Queens leaders honor four veterans during virtual ceremony

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Screenshot via Facebook/Queens District Attorney


Unable to celebrate Veterans Day in person due to the uptick in COVID-19 cases throughout the borough, Queens District Attorney Melinda Katz hosted a special virtual ceremony through Zoom on Tuesday, Nov. 10.

Katz was joined by fellow elected officials and notable figures in order to commemorate the sacrifices made by four individuals who served in the armed forces, while also thanking the 58,815 veterans who live in Queens, the borough with the most veterans.

The tribute began with a video of Francis Lewis High School JROTC’s color guard presenting the flags followed by U.S Army Colonel Paul Schottenhamel, who recited the Pledge of Allegiance to all those watching from the comfort of their homes. Next the Connolly sisters performed a rendition of the national anthem, which encouraged all those on camera to give a round of applause.

Screenshot via Facebook/Queens District Attorney

As the event commenced, the district attorney was joined by her co-host for the evening and Acting Queens Borough President Sharon Lee, who began the celebration by stating her wish for the program to be held in person.

“It is my honor and privilege to co-host this rather unconventional observance of Veteran’s Day. We hoped that it would not have to be virtual but of course we stay virtual, we stay safe, we stay masked up, we stay socially distant, washing our hands and getting tested. We do all that today so that we may observe together in person next year,” Lee said.

In addition to Lee, guest speakers included Senator Joseph Addabbo, Congresswoman Grace Meng, Assembly Member Stacey Pheffer Amato (who was also joined by her mother and Queens County Clerk Hon. Audrey I. Pheffer), Lieutenant Governor Kathy Hochul and Judge Scott Dunn, who offered their congratulations to the honorees and gratitude to all the men and women who have served.

Screenshot via Facebook/Queens District Attorney

The annual ceremony selects prominent Queens-based veterans and awards them with a framed citation. This year, four individuals were chosen to be honored, the first of which being United States Army veteran Detrel Howell, who enlisted in 1987.

During Howell’s service she was deployed to Saudi Arabia from 1990-1991. Last year, while working for her master’s degree she also established United in Sisterhood, an organization dedicated to helping female veterans.

“I am humbled to be included in this honor with other great veterans who fought courageously in combat, I salute each of you. I am a combat veteran who proudly served during Desert Storm, I returned psychically broken and emotionally scarred. I jumped when I would hear fireworks and sirens at the firehouse, and that continues on to this very day. After nearly 30 years, God helped me to define my purpose, I launched the organization United in Sisterhood to support, inspire, and encourage female veterans,” Howell said.

Queens Borough President Sharon Lee then introduced the next honoree, Sergeant Lee Blackman, a Vietnam war veteran who enlisted in the United State Marine Core at age 19. While on activity duty on Sept. 8, 1970, during Operation Pickens Forest, his platoon received enemy fire and he was shot twice. It is Blackman’s sacrifice and determination that was honored with a purple heart.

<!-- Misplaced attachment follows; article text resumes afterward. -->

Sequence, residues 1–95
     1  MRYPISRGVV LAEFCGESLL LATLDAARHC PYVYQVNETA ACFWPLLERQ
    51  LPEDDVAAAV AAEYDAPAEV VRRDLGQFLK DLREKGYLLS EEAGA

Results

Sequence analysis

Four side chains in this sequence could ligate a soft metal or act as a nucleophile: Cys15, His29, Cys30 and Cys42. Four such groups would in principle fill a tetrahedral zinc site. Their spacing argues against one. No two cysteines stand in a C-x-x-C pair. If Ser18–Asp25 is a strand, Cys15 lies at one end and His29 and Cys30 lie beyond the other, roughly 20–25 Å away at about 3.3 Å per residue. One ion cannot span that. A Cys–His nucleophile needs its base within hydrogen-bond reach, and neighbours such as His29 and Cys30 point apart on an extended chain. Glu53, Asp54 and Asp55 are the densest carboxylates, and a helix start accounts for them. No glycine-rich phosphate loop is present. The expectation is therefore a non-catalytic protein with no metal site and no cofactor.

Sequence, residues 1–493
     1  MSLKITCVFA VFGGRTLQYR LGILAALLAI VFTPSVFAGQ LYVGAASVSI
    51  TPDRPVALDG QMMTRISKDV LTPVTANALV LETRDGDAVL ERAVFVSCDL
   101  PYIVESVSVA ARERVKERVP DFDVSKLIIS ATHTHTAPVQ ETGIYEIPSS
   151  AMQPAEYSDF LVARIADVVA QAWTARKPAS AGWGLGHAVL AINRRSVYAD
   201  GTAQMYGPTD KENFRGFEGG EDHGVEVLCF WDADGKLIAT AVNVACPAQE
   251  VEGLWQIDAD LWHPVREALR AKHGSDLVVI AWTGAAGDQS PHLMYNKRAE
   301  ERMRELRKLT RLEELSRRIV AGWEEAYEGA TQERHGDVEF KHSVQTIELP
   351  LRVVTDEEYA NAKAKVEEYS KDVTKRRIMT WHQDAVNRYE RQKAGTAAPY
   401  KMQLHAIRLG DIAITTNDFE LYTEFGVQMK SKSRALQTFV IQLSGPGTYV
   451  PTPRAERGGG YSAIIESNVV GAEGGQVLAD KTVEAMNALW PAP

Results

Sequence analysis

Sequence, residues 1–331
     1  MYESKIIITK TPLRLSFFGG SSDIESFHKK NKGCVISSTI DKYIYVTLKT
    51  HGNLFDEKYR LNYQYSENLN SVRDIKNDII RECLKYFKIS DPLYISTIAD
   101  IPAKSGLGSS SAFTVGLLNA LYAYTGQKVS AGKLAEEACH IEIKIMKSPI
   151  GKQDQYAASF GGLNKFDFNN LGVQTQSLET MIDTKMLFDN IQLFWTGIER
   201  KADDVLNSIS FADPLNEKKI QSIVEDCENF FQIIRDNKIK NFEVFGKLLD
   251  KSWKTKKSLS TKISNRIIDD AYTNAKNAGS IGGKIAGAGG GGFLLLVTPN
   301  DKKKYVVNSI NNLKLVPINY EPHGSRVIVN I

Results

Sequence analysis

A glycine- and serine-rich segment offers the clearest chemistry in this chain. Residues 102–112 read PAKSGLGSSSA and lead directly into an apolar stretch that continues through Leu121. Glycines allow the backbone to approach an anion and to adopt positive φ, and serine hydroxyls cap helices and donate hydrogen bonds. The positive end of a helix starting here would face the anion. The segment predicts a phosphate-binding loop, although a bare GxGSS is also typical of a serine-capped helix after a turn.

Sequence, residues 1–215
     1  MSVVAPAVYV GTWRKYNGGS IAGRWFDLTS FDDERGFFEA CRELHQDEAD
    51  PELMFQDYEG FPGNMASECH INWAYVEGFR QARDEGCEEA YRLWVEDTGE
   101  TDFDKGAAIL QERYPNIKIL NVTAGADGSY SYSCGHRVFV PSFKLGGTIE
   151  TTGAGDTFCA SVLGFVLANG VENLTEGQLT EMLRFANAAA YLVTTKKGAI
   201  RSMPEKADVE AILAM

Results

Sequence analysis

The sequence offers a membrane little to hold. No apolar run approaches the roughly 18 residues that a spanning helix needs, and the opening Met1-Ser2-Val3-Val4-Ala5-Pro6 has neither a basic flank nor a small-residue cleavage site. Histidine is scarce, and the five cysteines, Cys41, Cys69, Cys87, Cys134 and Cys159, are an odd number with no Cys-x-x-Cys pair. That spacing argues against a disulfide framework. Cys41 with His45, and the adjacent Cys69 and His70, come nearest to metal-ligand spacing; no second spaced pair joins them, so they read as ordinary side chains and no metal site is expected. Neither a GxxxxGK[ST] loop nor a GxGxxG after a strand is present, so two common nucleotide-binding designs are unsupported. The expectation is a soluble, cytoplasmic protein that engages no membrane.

Screenshot via Facebook/Queens District Attorney

“It’s an honor and I am blessed to be back home and to be selected as an honoree. I’m overwhelmed, and I’m trying to find the words, but there couldn’t be no better day. Today is the Marine Corps’ birthday, celebrating the men who didn’t show back home. I appreciate your gratitude for the community and for the service that veterans have done, there’s no way to say thank you. Thank the guys that made it back home. I’m just overwhelmed, and I appreciate it,” Blackman said.

In addition to veterans honored during the Zoom presentation, Queens District Attorney Melinda Katz took the time to commemorate John Keeley, a detective from her office who also currently serves in the United States Coast Guard as an investigator first class.

Keeley was humbled and proud to be recognized among such amazing individuals.

“I was a detective with the NYPD for almost 23 years. I was serving at Ground Zero at the morgue and I said I wanted to join something. I thought of it before, I got in right under the wire. I was 39 years old, the oldest guy in bootcamp,” he said.

The final honoree went to Sergeant Gerard Michael Opitz, a Richmond Hill-born veteran who served in World War II as a gunner in the United States Army. He was trained in photography, and while stationed in England as a member of the Eighth Airforce 389th Bomber Group 564th Squadron, he flew with the B24 Liberators as an aerial recognizance photographer.

“Thank you for this evening honoring the vets. It’s unfortunate we can’t honor those who never made it,” Opitz said.

The virtual event concluded with a moment of silence as viewers submitted the names of individuals into the Zoom chat who they wanted to be remembered.

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